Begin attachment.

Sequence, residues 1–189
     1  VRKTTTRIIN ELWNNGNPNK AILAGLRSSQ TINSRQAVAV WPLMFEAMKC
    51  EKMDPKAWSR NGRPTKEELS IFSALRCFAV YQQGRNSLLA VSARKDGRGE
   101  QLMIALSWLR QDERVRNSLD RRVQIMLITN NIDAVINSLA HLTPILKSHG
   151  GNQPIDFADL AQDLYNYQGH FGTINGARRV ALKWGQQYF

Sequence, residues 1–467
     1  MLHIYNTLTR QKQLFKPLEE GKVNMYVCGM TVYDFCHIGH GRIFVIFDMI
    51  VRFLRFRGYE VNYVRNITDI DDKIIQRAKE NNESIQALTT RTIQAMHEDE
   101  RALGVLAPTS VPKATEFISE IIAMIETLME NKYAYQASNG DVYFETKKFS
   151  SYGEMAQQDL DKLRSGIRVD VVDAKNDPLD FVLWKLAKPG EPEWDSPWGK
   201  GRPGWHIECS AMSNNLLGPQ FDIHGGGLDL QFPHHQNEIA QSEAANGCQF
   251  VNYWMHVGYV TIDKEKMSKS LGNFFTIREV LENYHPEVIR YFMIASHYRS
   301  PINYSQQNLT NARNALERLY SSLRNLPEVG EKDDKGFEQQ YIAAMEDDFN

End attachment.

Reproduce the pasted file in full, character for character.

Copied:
Sequence, residues 1–189
     1  VRKTTTRIIN ELWNNGNPNK AILAGLRSSQ TINSRQAVAV WPLMFEAMKC
    51  EKMDPKAWSR NGRPTKEELS IFSALRCFAV YQQGRNSLLA VSARKDGRGE
   101  QLMIALSWLR QDERVRNSLD RRVQIMLITN NIDAVINSLA HLTPILKSHG
   151  GNQPIDFADL AQDLYNYQGH FGTINGARRV ALKWGQQYF

Sequence, residues 1–467
     1  MLHIYNTLTR QKQLFKPLEE GKVNMYVCGM TVYDFCHIGH GRIFVIFDMI
    51  VRFLRFRGYE VNYVRNITDI DDKIIQRAKE NNESIQALTT RTIQAMHEDE
   101  RALGVLAPTS VPKATEFISE IIAMIETLME NKYAYQASNG DVYFETKKFS
   151  SYGEMAQQDL DKLRSGIRVD VVDAKNDPLD FVLWKLAKPG EPEWDSPWGK
   201  GRPGWHIECS AMSNNLLGPQ FDIHGGGLDL QFPHHQNEIA QSEAANGCQF
   251  VNYWMHVGYV TIDKEKMSKS LGNFFTIREV LENYHPEVIR YFMIASHYRS
   301  PINYSQQNLT NARNALERLY SSLRNLPEVG EKDDKGFEQQ YIAAMEDDFN